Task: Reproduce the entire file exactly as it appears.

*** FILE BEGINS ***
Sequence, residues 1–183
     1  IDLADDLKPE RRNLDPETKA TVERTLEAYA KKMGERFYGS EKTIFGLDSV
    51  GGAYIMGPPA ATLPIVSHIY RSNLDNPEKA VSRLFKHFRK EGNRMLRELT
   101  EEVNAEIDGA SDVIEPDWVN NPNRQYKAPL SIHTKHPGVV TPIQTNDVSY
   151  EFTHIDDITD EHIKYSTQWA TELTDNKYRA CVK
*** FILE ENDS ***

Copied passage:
Sequence, residues 1–183
     1  IDLADDLKPE RRNLDPETKA TVERTLEAYA KKMGERFYGS EKTIFGLDSV
    51  GGAYIMGPPA ATLPIVSHIY RSNLDNPEKA VSRLFKHFRK EGNRMLRELT
   101  EEVNAEIDGA SDVIEPDWVN NPNRQYKAPL SIHTKHPGVV TPIQTNDVSY
   151  EFTHIDDITD EHIKYSTQWA TELTDNKYRA CVK